# Plotting polar curves in Python

• Last Updated : 22 Jun, 2020

A point in polar co-ordinates is represented as (r, theta). Here, r is its distance from the origin and theta is the angle at which r has to be measured from origin. Any mathematical function in the Cartesian coordinate system can also be plotted using the polar coordinates.

### Modules required

• Matplotlib : Matplotlib is a comprehensive Python library for creating static and interactive plots and visualisations. To install this module type the below command in the terminal.
pip install matplotlib

• Numpy : Numpy is the core library for array computing in Python. To install this module type the below command in the terminal.
pip install numpy

• math : math is a built-in module used for performing various mathematical tasks.

The matplotlib.pyplot module contains a function polar(), which can be used for plotting curves in polar coordinates.

Syntax : matplotlib.pyplot.polar(theta, r, **kwargs)

Parameters :

• theta – angle
• r – distance

Approach :

In each of the examples below,

• A list of radian values is created. These values cover the domain of the respective function.
• For each radian value, theta, a corresponding value of r is calculated according to a specific formula for each curve.

1. Circle : A circle is a shape consisting of all points in a plane that are a given distance(radius) from a given point, the centre. Hence, r is a constant value equal to the radius.

Example :

## Python3

 import numpy as npimport matplotlib.pyplot as plt    # setting the axes projection as polarplt.axes(projection = 'polar')  # setting the radiusr = 2  # creating an array containing the# radian valuesrads = np.arange(0, (2 * np.pi), 0.01)  # plotting the circlefor rad in rads:    plt.polar(rad, r, 'g.')  # display the Polar plotplt.show()

Output :

2. Ellipse : An ellipse is the locus of a point moving in a plane such that the sum of its distances from two other points (the foci) is constant. Here, r is defined as :

Where,

• a = length of semi major axis
• b = length of semi minor axis

Example :

## Python3

 import numpy as npimport matplotlib.pyplot as pltimport math    # setting the axes# projection as polarplt.axes(projection = 'polar')  # setting the values of# semi-major and# semi-minor axesa = 4b = 3  # creating an array# containing the radian valuesrads = np.arange(0, (2 * np.pi), 0.01)  # plotting the ellipsefor rad in rads:    r = (a*b)/math.sqrt((a*np.sin(rad))**2 + (b*np.cos(rad))**2)    plt.polar(rad, r, 'g.')  # display the polar plotplt.show()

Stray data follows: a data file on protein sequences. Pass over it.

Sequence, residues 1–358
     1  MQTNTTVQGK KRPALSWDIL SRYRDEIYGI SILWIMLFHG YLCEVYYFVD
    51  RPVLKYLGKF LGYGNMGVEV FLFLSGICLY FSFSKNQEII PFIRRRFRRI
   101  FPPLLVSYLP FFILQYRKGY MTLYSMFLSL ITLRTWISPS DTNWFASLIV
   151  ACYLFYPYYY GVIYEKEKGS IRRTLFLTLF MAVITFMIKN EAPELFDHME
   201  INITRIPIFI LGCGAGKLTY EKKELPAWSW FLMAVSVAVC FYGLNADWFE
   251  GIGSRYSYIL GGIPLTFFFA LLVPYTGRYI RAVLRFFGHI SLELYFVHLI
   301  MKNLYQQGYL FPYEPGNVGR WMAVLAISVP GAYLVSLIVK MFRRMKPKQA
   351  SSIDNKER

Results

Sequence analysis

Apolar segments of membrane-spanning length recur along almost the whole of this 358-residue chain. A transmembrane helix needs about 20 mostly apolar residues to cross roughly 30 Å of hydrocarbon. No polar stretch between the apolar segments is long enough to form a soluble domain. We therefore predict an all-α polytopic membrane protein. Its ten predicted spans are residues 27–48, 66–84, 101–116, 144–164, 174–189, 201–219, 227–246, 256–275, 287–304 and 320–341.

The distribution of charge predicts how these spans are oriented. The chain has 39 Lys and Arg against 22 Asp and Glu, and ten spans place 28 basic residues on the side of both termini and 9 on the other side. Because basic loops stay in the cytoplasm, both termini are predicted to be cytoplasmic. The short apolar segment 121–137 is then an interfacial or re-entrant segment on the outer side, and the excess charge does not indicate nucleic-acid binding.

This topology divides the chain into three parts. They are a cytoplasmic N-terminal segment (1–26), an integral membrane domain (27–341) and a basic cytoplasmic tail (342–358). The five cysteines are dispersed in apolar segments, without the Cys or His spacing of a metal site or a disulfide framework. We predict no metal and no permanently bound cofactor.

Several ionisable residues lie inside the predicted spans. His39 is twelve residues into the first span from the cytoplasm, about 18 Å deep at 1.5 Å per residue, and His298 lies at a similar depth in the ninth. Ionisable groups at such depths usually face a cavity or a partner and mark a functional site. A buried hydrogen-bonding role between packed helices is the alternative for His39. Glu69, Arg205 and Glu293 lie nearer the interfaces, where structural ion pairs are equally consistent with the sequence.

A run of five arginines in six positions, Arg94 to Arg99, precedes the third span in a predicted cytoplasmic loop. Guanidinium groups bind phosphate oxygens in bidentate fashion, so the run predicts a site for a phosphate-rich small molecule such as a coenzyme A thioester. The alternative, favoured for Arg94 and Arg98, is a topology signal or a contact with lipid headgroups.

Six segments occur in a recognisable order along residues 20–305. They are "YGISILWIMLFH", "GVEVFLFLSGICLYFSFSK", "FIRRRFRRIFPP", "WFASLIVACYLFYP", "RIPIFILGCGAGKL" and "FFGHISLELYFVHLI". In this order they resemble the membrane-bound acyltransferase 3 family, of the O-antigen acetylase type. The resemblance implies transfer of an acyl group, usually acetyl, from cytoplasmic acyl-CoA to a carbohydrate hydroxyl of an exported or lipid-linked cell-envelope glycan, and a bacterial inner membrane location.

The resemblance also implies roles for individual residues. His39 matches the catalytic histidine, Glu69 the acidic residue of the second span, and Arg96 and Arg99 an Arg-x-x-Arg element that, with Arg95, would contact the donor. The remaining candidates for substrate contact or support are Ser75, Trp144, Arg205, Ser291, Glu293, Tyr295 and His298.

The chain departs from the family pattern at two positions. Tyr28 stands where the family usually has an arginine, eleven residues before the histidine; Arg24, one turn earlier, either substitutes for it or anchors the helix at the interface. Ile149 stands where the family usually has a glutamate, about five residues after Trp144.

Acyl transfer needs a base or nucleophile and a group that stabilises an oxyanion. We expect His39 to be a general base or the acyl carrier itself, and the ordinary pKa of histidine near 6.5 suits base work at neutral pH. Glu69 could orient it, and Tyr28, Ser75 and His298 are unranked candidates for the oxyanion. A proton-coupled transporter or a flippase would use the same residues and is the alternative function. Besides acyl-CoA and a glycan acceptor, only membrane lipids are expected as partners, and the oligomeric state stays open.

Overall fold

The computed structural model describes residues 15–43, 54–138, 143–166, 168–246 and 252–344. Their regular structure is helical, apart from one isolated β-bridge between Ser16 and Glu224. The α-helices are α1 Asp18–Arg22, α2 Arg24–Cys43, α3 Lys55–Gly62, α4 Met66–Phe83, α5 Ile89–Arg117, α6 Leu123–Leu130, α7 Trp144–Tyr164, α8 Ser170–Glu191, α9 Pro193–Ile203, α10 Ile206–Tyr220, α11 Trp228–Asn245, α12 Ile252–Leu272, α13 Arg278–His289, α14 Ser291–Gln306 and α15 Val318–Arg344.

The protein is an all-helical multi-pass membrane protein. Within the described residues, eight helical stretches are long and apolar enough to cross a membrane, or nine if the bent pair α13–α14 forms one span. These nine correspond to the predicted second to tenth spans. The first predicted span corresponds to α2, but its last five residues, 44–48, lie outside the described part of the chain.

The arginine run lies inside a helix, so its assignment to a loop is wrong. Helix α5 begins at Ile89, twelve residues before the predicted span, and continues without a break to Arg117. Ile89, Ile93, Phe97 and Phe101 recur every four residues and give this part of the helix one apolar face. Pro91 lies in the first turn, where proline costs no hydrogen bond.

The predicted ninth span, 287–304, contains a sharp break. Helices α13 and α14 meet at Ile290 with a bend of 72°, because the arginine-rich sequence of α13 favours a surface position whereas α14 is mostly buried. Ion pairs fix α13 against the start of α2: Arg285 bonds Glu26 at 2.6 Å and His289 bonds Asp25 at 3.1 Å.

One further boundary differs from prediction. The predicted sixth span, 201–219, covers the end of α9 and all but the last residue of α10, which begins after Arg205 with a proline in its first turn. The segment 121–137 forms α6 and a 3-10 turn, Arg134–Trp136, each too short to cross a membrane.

Output :

3. Cardioid : A cardioid is the locus of a point on the circumference of a circle as it rolls around another identical circle. Here, r is defined as :

Where, a = length of axis of cardioid

Example  :

## Python3

 import numpy as npimport matplotlib.pyplot as pltimport math    # setting the axes# projection as polarplt.axes(projection = 'polar')  # setting the length of # axis of cardioida=4  # creating an array# containing the radian valuesrads = np.arange(0, (2 * np.pi), 0.01)   # plotting the cardioidfor rad in rads:    r = a + (a*np.cos(rad))     plt.polar(rad,r,'g.')   # display the polar plotplt.show()

Output :

4. Archimedean spiral : An Archimedean spiral is the locus of a point moving uniformly on a straight line, which itself is turning uniformly about one of its end points. Here, r is defined as :

Example:

## Python3

 import numpy as npimport matplotlib.pyplot as plt    # setting the axes# projection as polarplt.axes(projection = 'polar')  # creating an array# containing the radian valuesrads = np.arange(0, 2 * np.pi, 0.001)   # plotting the spiralfor rad in rads:    r = rad    plt.polar(rad, r, 'g.')      # display the polar plotplt.show()

Output :

5. Rhodonea : A Rhodonea or Rose curve is a rose-shaped sinusoid plotted in polar coordinates. Here, r is defined as :

Where,

• a = length of petals
• n = number of petals

Example:

## Python3

 import numpy as npimport matplotlib.pyplot as plt    # setting the axes# projection as polarplt.axes(projection='polar')  # setting the length# and number of petalsa = 1n = 6  # creating an array# containing the radian valuesrads = np.arange(0, 2 * np.pi, 0.001)   # plotting the rosefor rad in rads:    r = a * np.cos(n*rad)    plt.polar(rad, r, 'g.')   # display the polar plotplt.show()

Output :

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